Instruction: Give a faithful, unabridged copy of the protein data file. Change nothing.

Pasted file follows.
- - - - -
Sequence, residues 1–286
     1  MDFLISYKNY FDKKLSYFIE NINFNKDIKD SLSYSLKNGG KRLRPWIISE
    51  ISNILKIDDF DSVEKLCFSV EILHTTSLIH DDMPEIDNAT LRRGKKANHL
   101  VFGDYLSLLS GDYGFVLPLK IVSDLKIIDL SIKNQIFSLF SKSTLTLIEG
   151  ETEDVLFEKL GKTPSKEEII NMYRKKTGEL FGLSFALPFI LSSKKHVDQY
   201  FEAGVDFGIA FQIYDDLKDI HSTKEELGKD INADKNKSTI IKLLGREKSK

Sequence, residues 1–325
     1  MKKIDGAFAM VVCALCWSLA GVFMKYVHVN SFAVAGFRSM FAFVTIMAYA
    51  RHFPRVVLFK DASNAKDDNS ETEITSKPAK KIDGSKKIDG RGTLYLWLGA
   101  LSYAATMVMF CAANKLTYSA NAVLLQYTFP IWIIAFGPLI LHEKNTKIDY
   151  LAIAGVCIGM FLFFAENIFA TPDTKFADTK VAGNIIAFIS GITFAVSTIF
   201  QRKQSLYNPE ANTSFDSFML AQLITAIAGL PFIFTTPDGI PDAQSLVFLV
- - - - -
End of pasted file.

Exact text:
Sequence, residues 1–286
     1  MDFLISYKNY FDKKLSYFIE NINFNKDIKD SLSYSLKNGG KRLRPWIISE
    51  ISNILKIDDF DSVEKLCFSV EILHTTSLIH DDMPEIDNAT LRRGKKANHL
   101  VFGDYLSLLS GDYGFVLPLK IVSDLKIIDL SIKNQIFSLF SKSTLTLIEG
   151  ETEDVLFEKL GKTPSKEEII NMYRKKTGEL FGLSFALPFI LSSKKHVDQY
   201  FEAGVDFGIA FQIYDDLKDI HSTKEELGKD INADKNKSTI IKLLGREKSK

Sequence, residues 1–325
     1  MKKIDGAFAM VVCALCWSLA GVFMKYVHVN SFAVAGFRSM FAFVTIMAYA
    51  RHFPRVVLFK DASNAKDDNS ETEITSKPAK KIDGSKKIDG RGTLYLWLGA
   101  LSYAATMVMF CAANKLTYSA NAVLLQYTFP IWIIAFGPLI LHEKNTKIDY
   151  LAIAGVCIGM FLFFAENIFA TPDTKFADTK VAGNIIAFIS GITFAVSTIF
   201  QRKQSLYNPE ANTSFDSFML AQLITAIAGL PFIFTTPDGI PDAQSLVFLV